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Will I continue to receive ESA during the mandatory reconsideration process?

What you are able to claim will depend on the type of decision you are challenging. See our guide to ESA mandatory reconsiderations and appeals for more information on this.

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How will I be told what the mandatory reconsideration decision is?

You will receive two copies of the Mandatory Reconsideration Notice through the post, will which explain what the result of the reconsideration is. If you are unhappy with the decision and wish to challenge it, you will have to enclose one of the Mandatory Reconsideration Notices with your appeal form (SSCS1). This is due to be renamed SSCS1PE from January 2020, but at the time of writing, late March 2020, this doesn’t appear to have happened. Anyway do not worry if you use the old form, your appeal will still be accepted, although it may take slightly longer to process.

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What do I do if I am not happy with the result of the mandatory reconsideration?

Once you have had your mandatory reconsideration decision, you can appeal against it if you are not happy with the result.

You will have to lodge your appeal within the one-month deadline and you will have to lodge your appeal directly with Her Majesty’s Courts and Tribunals Service (HMCTS) instead of with the DWP. If you miss the one-month deadline, you will have to explain why your appeal is late. The absolute time limit is 13 months. Many late appeals are accepted, so don’t despair, submit your appeal.

You will need to complete form SSCS1  and send it to the address given on the form, accompanied by a copy of the Mandatory Reconsideration Notice. If you appeal online, there is no provision for sending your MR letter. HMCTS will check with the DWP that an MR has been undertaken. If you have lost your Mandatory Reconsideration Notice, you will need to contact the DWP and ask for a duplicate to be sent out to you.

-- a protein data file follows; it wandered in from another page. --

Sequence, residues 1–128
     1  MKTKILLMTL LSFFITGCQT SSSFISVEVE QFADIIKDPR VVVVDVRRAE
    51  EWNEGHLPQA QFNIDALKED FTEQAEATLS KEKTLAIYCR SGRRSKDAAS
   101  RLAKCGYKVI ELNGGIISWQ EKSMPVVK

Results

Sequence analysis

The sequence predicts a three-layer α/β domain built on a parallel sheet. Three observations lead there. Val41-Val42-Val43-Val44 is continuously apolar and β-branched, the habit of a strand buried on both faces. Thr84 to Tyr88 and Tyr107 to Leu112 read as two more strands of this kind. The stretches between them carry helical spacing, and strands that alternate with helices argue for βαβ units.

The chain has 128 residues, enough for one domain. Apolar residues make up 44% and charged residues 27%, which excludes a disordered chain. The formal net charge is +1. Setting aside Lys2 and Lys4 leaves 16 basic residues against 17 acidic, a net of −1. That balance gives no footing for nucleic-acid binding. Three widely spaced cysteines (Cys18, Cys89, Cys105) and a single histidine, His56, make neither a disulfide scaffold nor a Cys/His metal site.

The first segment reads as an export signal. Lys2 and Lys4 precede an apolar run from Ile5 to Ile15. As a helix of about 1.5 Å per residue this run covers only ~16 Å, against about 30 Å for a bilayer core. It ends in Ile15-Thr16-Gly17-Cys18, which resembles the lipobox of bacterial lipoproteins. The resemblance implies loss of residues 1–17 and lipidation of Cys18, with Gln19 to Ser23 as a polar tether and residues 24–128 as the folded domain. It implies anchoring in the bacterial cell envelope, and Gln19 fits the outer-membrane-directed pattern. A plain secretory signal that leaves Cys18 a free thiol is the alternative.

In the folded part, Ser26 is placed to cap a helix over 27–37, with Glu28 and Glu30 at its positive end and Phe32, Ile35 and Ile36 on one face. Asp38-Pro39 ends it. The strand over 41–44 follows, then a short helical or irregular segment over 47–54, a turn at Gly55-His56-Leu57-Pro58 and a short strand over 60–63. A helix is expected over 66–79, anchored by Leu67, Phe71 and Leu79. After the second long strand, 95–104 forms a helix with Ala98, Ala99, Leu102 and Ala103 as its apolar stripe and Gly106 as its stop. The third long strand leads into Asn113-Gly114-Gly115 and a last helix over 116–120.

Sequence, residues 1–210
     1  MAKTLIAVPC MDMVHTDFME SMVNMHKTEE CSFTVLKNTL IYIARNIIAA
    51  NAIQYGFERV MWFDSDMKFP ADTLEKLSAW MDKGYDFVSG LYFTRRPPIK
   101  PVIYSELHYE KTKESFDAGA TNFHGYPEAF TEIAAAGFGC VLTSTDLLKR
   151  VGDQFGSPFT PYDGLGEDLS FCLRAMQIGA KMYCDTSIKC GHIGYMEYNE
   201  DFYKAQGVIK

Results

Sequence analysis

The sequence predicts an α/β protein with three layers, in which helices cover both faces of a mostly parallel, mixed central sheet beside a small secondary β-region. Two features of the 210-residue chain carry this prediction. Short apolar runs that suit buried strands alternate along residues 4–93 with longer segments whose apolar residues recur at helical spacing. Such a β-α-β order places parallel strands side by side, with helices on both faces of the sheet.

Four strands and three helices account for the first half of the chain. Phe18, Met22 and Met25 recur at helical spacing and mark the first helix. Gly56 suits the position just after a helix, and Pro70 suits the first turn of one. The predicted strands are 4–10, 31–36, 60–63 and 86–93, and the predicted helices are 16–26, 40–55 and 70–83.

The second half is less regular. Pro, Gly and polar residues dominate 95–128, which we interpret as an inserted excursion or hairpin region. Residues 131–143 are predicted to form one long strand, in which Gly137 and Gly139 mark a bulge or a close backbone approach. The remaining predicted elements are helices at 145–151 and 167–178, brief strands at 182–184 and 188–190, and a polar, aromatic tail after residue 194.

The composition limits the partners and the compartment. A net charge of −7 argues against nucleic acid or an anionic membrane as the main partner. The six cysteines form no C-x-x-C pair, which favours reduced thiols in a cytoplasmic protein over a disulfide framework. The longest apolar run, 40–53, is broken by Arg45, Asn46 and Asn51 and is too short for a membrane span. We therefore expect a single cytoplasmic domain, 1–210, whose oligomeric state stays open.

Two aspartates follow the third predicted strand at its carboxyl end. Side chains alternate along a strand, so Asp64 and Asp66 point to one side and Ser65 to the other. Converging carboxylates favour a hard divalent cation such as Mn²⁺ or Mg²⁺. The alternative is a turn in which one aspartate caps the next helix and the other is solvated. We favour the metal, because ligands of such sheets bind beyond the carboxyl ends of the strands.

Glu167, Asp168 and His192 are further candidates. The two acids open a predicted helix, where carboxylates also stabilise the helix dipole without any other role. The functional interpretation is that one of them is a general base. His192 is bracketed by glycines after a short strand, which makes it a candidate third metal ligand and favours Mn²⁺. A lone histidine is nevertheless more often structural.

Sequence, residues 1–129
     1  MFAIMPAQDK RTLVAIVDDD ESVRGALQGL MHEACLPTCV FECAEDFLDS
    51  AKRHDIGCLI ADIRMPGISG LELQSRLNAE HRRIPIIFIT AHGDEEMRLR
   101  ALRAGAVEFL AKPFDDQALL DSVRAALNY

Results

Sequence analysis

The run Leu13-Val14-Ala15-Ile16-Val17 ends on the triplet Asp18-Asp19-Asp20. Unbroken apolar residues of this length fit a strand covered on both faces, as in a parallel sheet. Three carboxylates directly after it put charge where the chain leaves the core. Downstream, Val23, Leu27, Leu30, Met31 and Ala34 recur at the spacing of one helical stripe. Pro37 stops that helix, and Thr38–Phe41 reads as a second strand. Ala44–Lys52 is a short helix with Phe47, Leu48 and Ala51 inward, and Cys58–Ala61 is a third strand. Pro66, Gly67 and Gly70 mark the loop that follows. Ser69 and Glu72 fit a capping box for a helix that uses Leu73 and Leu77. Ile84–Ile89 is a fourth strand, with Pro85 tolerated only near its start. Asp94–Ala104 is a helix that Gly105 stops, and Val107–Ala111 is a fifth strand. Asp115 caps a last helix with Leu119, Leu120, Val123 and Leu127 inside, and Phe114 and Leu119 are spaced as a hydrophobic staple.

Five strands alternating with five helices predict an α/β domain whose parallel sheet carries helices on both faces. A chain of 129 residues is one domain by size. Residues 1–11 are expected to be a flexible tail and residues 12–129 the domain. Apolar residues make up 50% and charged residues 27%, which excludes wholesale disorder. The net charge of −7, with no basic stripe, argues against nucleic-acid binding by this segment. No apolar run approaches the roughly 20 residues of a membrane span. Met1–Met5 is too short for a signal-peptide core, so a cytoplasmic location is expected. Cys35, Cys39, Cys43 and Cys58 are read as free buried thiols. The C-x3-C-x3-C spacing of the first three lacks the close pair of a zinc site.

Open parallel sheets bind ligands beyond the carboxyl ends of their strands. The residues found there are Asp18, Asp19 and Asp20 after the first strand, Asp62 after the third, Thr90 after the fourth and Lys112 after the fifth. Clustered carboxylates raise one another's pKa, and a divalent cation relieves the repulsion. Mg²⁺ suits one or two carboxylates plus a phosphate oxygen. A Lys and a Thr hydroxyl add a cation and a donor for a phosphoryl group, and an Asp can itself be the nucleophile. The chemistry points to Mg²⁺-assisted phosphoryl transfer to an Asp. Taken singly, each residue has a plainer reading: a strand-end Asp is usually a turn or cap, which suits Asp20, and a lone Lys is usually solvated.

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What is to stop me just lodging my appeal without asking for a mandatory reconsideration?

If you try to lodge an appeal before having a mandatory reconsideration, HMCTS will simply return your appeal form to you and tell you that you must send a mandatory reconsideration notice with your appeal form before it can be accepted. This will only apply if the reason you are no longer entitled to ESA is because either you failed to return your ESA50 or failed, without good cause, to attend a WCA medical. If you fail the WCA for any other reason you can appeal without the need to go through the MR process.

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Where can I get help with a mandatory reconsideration?

Benefits and Work publishes a detailed guide to ESA appeals, which covers mandatory reconsiderations and appeals in depth from the day they are introduced.

In addition, you can try to get help from a local advice agency. Some housing associations, local authorities and similar bodies may also employ welfare rights workers who can offer help.